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'Rewriting the Rules of the Food System'

Q & A with author and activist Raj Patel
Jessi Cape, 12:45pm, Fri. Nov. 30, 2012
Globetrotting with award-winning director Steve James to work on Generation Food is only one project on Raj Patel's full plate. Patel is scheduled to speak at the Paramount Stateside Sunday, December 2 as a part of Eat Drink Local Week.

Just before jetting off again he answered a few questions about the current state of global food culture.

Austin Chronicle: I understand you are currently traveling the world with Steve James (Hoops Dreams, The Interrupters) working on your new multimedia project, Generation Food. Will you talk a bit about the project and share a little inspiration you’ve seen thus far?

Raj Patel: We’re looking at some incredible ways that people are rewriting the rules of the food system in order to survive the twenty-first century. Although our country has a problem admitting its existence, most farmers outside America not only know that climate change exists, but that it’s causing mayhem. In Peru the growing season has been shrunk by 25% -from 8 to 6 months. Snow covered peaks are now raw black rock. Yet communities are surviving by drawing on cultural institutions older than the United States. We’ve much to learn.

AC: Austin has a thriving locavore scene; you speak often of your support for food sovereignty. Will you discuss how the two concepts are related?

RP: Food sovereignty is about having democratic control of your food – how it gets to you, how people are treated, how a community decides the mechanisms through which everyone gets to eat well, freely and healthily. It’s entirely possible to eat locally, and not care at all about any of this. But I like to think of local eating as a gateway drug. By caring where your food comes from, you’ve taken the first step into a wider world where you can, and should, care about the workers who created that food. And then you’re into thinking about feeding the hungry. And then you’re into the idea that everyone ought to be able to be at the table in deciding how Austin eats. And then you’re not just eating locally – you’re living democracy in a way that you never did before. And it’ll taste delicious.

AC: I find it rather ironic that given the large array of cooking reality shows, books, and television programs inundating our media, there seems to be a missing link when it comes to practiced cooking skills. What are your thoughts about the possible decline in cooking skills as related to advertising and food culture?

RP: I’m an ambassador for the Edible Schoolyard at the Boys and Girls Club of San Francisco in Hunters Point – one of the most underserved areas of San Francisco. There, far from food snobbery and privilege, I’ve seen how young people not only become more connected to their food, but to one another, through the act of growing, cooking, sharing, and cleaning up a meal together. TV dinners kill social connections at the same time as they reduce our cooking skills to a push of the button. I fully understand why fast food has come to take the place it has in our society – a cocktail of marketing, a devaluation of food culture, the rise of consumerism, and poverty mean that for many people, the only possible meal is one eaten from our laps. But that’s why if we’re to make food sovereignty real, we need to raise wages, make sure that everyone can afford to eat properly, and free people to make dignified choices about their food and leisure.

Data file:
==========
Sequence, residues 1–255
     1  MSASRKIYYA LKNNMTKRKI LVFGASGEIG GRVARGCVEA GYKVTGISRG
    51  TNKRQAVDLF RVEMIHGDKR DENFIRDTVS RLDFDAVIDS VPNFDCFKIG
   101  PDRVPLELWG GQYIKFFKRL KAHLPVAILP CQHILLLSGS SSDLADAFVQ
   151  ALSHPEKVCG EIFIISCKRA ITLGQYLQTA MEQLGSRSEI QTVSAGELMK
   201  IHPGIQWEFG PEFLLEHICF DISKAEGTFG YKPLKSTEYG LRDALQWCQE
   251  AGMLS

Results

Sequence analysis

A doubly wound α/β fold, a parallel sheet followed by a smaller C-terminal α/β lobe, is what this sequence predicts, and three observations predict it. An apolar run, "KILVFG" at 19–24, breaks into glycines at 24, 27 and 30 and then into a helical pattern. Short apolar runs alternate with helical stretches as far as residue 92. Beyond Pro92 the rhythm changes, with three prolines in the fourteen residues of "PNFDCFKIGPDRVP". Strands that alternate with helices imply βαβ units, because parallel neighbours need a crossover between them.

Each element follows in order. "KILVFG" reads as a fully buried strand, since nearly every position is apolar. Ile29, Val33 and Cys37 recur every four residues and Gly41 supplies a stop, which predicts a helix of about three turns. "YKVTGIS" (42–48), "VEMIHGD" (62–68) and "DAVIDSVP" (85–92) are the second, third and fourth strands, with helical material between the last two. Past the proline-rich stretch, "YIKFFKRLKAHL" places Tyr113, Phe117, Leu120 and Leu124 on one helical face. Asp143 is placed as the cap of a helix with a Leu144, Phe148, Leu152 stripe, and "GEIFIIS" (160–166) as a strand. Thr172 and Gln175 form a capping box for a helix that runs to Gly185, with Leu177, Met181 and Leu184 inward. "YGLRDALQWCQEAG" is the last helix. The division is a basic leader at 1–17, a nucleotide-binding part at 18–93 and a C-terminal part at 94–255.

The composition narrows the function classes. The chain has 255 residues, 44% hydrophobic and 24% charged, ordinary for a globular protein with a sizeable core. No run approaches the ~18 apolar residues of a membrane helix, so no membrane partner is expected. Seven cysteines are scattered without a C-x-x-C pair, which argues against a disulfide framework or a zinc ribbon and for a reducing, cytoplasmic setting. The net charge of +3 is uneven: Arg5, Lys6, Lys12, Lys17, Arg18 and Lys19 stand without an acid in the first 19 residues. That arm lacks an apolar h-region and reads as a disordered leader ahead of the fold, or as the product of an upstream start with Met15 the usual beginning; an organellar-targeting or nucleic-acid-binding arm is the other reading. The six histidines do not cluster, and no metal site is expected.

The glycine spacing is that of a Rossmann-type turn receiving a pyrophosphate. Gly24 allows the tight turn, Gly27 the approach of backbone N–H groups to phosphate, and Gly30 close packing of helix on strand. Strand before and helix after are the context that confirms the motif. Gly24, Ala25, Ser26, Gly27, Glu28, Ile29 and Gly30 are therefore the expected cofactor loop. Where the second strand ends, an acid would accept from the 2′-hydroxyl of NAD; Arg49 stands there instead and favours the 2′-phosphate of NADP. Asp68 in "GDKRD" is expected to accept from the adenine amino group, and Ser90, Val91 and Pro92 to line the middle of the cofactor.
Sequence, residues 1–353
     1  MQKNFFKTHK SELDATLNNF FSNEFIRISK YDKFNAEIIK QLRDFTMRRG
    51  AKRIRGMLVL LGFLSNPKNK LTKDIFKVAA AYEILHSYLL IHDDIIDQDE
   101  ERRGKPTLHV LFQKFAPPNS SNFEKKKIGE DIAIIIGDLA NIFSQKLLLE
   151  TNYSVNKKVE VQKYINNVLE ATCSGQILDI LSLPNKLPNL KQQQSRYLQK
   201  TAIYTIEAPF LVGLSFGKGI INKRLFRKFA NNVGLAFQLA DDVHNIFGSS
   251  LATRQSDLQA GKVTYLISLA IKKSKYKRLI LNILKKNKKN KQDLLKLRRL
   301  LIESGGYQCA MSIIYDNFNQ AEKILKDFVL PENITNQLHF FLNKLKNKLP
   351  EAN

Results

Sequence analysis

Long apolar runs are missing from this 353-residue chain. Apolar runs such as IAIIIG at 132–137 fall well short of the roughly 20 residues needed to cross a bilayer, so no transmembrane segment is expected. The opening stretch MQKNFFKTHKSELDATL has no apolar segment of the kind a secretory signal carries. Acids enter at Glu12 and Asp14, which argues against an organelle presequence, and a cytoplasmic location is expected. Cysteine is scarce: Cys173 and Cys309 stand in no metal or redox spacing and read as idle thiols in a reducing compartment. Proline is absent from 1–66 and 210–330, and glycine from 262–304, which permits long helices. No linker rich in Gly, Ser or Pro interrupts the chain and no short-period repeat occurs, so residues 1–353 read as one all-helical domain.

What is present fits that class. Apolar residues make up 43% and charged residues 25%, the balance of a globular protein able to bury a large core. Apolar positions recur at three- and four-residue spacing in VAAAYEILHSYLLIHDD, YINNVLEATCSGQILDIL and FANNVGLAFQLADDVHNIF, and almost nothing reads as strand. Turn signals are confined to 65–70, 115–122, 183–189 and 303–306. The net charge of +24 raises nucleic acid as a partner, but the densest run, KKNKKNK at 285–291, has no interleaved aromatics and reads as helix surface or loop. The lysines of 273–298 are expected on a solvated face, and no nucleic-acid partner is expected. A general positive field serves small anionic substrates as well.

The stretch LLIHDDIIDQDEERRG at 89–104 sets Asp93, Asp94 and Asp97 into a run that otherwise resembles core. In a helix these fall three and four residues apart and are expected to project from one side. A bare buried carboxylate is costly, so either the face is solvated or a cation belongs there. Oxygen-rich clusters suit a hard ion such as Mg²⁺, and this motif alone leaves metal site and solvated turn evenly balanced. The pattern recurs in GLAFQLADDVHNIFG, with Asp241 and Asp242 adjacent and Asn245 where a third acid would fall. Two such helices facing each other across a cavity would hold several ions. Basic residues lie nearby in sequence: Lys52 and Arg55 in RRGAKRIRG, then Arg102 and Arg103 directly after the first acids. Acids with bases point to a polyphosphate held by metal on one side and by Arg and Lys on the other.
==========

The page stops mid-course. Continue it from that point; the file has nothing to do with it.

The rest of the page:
AC: Can sustainable agriculture really help bridge the gap between obesity and starvation- such as your book, Stuffed and Starved, discusses- leading to a more balanced scenario? How do organics, specifically, play a role in this?

RP: We’ve plenty of evidence that sustainable agriculture – agriculture that is light on fossil fuel and water, rich in biodiversity and complexity – can feed the world. On a planet consumed by climate change, the last thing we need is more industrial, fossil-fuel-intensive agriculture. World experts agree (though you’d be hard pressed to know it in the US). If it’s done right, organic food can clearly feed the world.

Solving the problem of hunger and obesity isn’t an agricultural problem – it’s a political one. Right now, we produce more calories, per person, than ever before in human history. To end hunger, we need to end poverty so that the poor can afford to eat. But we also need to change the food system – in rich countries, it’s the poor who are overweight, denied the effective right to eat well, because a balanced diet is priced beyond their means.

AC: Could you suggest a few small steps that individuals can do today to support healthy eating and sustainable food systems in their own communities?

RP: As time runs out, I’d definitely encourage sensible sustainable consumption. Michael Pollan’s "Eat food, mostly plants, and not too much" is wise counsel. I’d push us to think more about what we can achieve together. Often, we feel like we’re just one person – and if we feel that way, we’re restricted to changing the world by changing what we eat and how we shop. What we’re doing with Generation Food is showing how the most important changes aren’t made alone, but always in a community. Things like food policy councils are examples of how small businesses, governments and advocates can come together to recognize the urgency of ending hunger in a municipality. And when we come together as communities, we can feed the world, end obesity, save the planet, and do it over the best meals of our lives.

Tickets are still available to attend Raj Patel's Paramount Stateside appearance here.

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